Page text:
"BE YE THEREFORE PERFECT."

When Jesus said, in his sermon on the mount, "Be ye therefore perfect, even as your Father which is in heaven is perfect," he placed a high standard before his followers, a standard seemingly impossible of attainment, from the human view-point, and yet one entirely in keeping with the Master's teaching and with his own demonstration of spiritual understanding and power. Again, in the same sermon, he rebuked the sense of anxious thought for that which is merely temporal, and bade his followers seek first "the kingdom of God, and his righteousness;" indeed, throughout his ministry we find him enforcing and pressing home the teaching that no lesser endeavor than the attainment of that perfectness which is of the Father is permitted to pass as the ideal of Christianity.

There is no hint, in this demand for perfection, that any concession will be made, any excuse accepted. Whatever the obstacle that seeks to interpose itself, to hinder or prevent the desired accomplishment, it must be overcome. When, after that indubitable proof on the mount of transfiguration of the divinity of him whom they knew as the great Teacher, the Master, Jesus the Christ, the disciples failed to accomplish the healing of the epileptic boy, doubtless some of them excused their failure with the thought that anyway they had done the best they could with the case. It will be observed, however, that their work received no commendation from the Master; there was only the implied rebuke that were their faith even "as a grain of mustard seed" nothing would be impossible to them. It will also be noted that Jesus showed them that this so-called best could be improved upon, and demonstrated the truth of his declaration by his own healing of the boy.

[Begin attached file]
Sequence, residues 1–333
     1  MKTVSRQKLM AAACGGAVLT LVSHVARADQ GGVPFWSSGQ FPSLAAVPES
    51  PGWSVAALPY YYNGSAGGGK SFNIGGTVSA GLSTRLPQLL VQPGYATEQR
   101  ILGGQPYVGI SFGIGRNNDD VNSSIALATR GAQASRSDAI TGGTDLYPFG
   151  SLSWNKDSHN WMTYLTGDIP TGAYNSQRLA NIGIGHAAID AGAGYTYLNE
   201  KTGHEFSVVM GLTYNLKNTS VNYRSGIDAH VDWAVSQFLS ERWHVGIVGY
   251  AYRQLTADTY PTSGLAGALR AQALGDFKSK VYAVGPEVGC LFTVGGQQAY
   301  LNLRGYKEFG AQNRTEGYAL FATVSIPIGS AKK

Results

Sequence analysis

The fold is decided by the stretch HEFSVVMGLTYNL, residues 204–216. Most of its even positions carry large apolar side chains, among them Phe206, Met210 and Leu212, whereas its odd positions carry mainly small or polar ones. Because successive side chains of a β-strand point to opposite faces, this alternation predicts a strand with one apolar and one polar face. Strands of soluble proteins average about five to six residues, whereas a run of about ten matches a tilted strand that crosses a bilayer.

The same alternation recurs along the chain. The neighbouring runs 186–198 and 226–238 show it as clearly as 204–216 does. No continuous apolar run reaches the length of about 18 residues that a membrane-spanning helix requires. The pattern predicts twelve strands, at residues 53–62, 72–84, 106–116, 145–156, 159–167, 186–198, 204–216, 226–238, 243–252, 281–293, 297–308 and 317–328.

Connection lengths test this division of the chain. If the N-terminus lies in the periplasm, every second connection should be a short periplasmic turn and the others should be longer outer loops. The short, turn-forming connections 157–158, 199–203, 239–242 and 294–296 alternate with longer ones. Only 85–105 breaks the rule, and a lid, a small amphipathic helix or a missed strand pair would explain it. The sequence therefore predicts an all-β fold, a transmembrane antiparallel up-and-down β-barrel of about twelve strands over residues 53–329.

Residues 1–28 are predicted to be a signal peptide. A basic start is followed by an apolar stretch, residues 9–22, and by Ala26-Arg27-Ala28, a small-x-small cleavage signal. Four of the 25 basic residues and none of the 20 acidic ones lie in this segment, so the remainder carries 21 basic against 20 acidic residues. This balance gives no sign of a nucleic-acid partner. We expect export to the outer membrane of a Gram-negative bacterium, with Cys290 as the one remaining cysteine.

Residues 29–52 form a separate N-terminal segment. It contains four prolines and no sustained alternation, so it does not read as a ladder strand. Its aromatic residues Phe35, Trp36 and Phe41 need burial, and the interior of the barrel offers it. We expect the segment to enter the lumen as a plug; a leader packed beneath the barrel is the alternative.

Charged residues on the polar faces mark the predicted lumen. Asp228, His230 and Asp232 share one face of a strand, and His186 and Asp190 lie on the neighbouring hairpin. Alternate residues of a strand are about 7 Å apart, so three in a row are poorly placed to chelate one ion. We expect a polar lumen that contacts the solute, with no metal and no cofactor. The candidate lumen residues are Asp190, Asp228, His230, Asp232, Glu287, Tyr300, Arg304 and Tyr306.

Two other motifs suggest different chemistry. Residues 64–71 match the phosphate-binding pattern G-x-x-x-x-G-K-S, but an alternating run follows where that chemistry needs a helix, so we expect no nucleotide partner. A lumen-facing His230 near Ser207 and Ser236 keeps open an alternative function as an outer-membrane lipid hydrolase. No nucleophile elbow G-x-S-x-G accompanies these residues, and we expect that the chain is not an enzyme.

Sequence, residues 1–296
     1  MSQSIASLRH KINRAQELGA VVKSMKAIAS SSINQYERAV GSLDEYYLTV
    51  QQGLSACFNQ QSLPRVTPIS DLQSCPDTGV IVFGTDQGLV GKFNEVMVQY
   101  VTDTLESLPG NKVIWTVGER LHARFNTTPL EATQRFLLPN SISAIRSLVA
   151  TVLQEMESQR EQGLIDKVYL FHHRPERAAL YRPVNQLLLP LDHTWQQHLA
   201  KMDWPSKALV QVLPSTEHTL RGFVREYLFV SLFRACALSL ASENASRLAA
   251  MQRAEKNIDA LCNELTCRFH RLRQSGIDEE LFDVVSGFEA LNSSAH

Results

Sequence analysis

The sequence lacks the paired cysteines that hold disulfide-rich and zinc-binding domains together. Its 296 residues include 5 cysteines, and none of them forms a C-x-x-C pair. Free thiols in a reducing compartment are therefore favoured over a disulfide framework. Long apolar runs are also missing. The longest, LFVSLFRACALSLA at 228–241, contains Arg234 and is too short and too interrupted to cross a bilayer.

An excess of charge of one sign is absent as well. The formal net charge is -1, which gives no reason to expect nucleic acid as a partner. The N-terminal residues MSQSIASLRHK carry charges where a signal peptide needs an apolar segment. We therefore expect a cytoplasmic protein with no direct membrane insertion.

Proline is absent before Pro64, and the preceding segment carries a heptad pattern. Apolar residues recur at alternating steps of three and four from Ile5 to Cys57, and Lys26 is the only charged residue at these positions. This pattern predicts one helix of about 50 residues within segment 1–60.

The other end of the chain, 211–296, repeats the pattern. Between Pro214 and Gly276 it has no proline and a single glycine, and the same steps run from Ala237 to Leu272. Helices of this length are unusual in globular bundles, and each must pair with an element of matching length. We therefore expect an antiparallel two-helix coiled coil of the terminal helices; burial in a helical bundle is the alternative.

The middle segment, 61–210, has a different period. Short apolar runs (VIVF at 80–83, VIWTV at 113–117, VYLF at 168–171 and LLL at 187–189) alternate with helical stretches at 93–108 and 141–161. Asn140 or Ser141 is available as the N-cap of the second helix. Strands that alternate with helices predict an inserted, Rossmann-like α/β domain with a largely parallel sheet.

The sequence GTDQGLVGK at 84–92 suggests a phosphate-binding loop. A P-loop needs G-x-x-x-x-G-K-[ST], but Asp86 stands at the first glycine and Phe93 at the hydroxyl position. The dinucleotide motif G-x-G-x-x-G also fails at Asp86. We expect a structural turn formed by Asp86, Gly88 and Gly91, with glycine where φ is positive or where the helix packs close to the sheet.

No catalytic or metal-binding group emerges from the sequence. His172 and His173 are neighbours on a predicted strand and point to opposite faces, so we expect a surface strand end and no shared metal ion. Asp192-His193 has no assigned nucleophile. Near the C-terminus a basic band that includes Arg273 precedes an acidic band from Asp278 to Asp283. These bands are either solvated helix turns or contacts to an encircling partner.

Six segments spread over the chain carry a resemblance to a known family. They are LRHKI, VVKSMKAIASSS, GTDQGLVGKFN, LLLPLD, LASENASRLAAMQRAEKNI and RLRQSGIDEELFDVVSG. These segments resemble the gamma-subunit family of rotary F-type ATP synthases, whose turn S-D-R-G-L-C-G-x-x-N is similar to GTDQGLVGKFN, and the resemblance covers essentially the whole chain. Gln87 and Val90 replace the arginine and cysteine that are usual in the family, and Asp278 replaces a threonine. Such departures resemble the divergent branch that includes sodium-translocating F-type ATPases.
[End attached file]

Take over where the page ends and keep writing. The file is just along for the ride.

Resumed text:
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TO THE LINE AND TO THE PLUMMET
December 9, 1911
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